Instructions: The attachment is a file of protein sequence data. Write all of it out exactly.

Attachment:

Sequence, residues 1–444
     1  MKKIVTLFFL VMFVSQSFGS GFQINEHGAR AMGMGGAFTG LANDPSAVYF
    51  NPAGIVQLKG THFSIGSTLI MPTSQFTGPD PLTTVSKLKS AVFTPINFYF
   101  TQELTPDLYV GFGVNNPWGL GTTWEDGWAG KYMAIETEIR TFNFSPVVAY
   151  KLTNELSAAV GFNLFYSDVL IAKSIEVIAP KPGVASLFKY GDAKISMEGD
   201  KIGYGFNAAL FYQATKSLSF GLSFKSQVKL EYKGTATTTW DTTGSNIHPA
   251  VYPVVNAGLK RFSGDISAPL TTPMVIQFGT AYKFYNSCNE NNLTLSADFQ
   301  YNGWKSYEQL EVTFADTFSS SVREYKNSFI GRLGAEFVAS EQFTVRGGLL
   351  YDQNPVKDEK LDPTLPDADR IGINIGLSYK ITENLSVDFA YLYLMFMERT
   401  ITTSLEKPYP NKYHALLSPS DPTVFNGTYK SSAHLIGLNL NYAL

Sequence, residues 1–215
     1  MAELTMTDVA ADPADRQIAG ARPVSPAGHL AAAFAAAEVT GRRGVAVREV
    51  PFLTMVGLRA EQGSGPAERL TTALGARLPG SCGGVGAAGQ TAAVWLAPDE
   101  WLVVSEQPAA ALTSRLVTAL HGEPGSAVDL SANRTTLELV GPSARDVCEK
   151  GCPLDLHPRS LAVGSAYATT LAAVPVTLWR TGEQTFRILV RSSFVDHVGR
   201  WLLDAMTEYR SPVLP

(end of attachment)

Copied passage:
Sequence, residues 1–444
     1  MKKIVTLFFL VMFVSQSFGS GFQINEHGAR AMGMGGAFTG LANDPSAVYF
    51  NPAGIVQLKG THFSIGSTLI MPTSQFTGPD PLTTVSKLKS AVFTPINFYF
   101  TQELTPDLYV GFGVNNPWGL GTTWEDGWAG KYMAIETEIR TFNFSPVVAY
   151  KLTNELSAAV GFNLFYSDVL IAKSIEVIAP KPGVASLFKY GDAKISMEGD
   201  KIGYGFNAAL FYQATKSLSF GLSFKSQVKL EYKGTATTTW DTTGSNIHPA
   251  VYPVVNAGLK RFSGDISAPL TTPMVIQFGT AYKFYNSCNE NNLTLSADFQ
   301  YNGWKSYEQL EVTFADTFSS SVREYKNSFI GRLGAEFVAS EQFTVRGGLL
   351  YDQNPVKDEK LDPTLPDADR IGINIGLSYK ITENLSVDFA YLYLMFMERT
   401  ITTSLEKPYP NKYHALLSPS DPTVFNGTYK SSAHLIGLNL NYAL

Sequence, residues 1–215
     1  MAELTMTDVA ADPADRQIAG ARPVSPAGHL AAAFAAAEVT GRRGVAVREV
    51  PFLTMVGLRA EQGSGPAERL TTALGARLPG SCGGVGAAGQ TAAVWLAPDE
   101  WLVVSEQPAA ALTSRLVTAL HGEPGSAVDL SANRTTLELV GPSARDVCEK
   151  GCPLDLHPRS LAVGSAYATT LAAVPVTLWR TGEQTFRILV RSSFVDHVGR
   201  WLLDAMTEYR SPVLP